Illegal immigration is costing Texas taxpayers billions of dollars. With its county governments, law enforcement and medical personnel strapped, responding to the surge of illegal immigrants flooding into Texas, county judges and the governor issued disaster declarations.
Counties first filed disaster declarations April 21, followed by the state’s disaster declaration on May 31. Texas filed a federal emergency declaration, requesting assistance from the Federal Emergency Management Agency (FEMA), specifically requesting supplemental federal assistance to respond to the exorbitant costs the state is picking up to deal with illegal border crossings into Texas.
FEMA denied the request Sept. 30. Federal disaster designation enables states to receive federal funds for a range of services as well as funding for county needs.
Gov. Greg Abbott said Texas will appeal FEMA’s denial.
Abbott requested federal aid Sept. 20, arguing that the federal government’s failure to enforce immigration laws, and failure to halt illegal crossings on federal property, the sole jurisdiction of the federal government, created substantial burdens on local and state resources. The failure of the federal government to intervene led to a surge of more than 16,000 migrants at the Del Rio International Bridge for several days, Abbott said.
"President Biden has turned his back on Texans living along the border, and FEMA's refusal to declare a federal emergency at the border puts their health, safety, and property at risk," Abbott said in a statement. "The State of Texas is appealing this detrimental decision by FEMA because the Biden Administration's refusal to solve the crisis at our border has led to a strain on local, state, and federal resources. The surge of over 16,000 migrants at the Del Rio International Bridge is just one of the most recent examples of the federal government's failure to take action.”
Border Patrol agent Jon Anfinsen, president of the national union’s Del Rio chapter, told The Washington Examiner that it was Texas state troopers (DPS) who helped hold the line under the bridge.
“Literally, we could not have any semblance of control down here without DPS,” Anfinsen said. “DPS has thankfully come out here and helped us out dramatically. We literally could not control this or have even some semblance of control without DPS, National Guard, all the other local stakeholders that are out here.”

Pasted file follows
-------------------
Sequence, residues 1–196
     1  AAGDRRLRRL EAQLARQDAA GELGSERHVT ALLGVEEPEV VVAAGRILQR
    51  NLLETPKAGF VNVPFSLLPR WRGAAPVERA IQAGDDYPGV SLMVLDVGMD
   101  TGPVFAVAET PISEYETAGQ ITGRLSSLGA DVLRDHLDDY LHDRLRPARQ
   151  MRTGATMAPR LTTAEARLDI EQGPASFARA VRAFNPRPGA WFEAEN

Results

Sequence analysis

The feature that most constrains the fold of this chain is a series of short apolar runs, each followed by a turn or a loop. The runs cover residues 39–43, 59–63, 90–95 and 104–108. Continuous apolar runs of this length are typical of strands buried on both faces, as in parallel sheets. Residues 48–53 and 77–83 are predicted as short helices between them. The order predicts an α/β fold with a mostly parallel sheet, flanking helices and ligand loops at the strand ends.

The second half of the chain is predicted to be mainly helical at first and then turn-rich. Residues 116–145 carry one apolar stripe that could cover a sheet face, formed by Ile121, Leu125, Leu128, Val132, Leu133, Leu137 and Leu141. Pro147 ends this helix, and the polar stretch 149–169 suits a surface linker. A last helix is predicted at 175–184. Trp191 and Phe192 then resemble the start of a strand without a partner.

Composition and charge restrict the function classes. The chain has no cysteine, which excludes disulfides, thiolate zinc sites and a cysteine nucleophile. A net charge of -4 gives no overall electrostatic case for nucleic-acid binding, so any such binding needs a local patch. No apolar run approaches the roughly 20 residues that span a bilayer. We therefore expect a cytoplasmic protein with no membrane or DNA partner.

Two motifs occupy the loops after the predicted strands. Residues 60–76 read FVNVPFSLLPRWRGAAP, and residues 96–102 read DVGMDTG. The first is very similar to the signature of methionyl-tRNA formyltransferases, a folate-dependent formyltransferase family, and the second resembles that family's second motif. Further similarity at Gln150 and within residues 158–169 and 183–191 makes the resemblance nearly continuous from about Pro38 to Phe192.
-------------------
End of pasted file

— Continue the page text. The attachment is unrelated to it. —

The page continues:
Brandon Judd, president of the National Border Patrol Council, estimated that state troopers outnumber federal agents at the border by 3 to 1, as well as the number of National Guardsmen and women who were on site.
"This crisis has not ended and will only get worse if the Biden Administration continues to turn a blind eye to the reality at the border,” Abbott said. “Texas will continue to step up and address this crisis in full force, but supplemental federal assistance should be granted to further protect Texans and halt the influx of drugs, people, and contraband into our state."
Funding has been possible because the Texas Legislature approved additional resources totaling $1.8 billion for border security during the summer's second special legislative session. Earlier this year, Abbott said that $1 billion went to border security efforts, including funding allocated toward Operation Lone Star, which launched March 6.
Thousands of state personnel, including DPS troopers, agents, rangers, and National Guardsmen and women have been assigned to Operation Lonestar, in addition to county sheriffs and their deputies, and state task forces focused on anti-human trafficking efforts.
The state also began plans to construct a border wall, and has already begun constructing strategic fencing and barriers on private and state property. Earlier this month, two companies were chosen to oversee the wall’s construction. All of these efforts have been funded by Texas taxpayers, Abbott notes, who shouldn’t be paying to cover costs created by the federal government.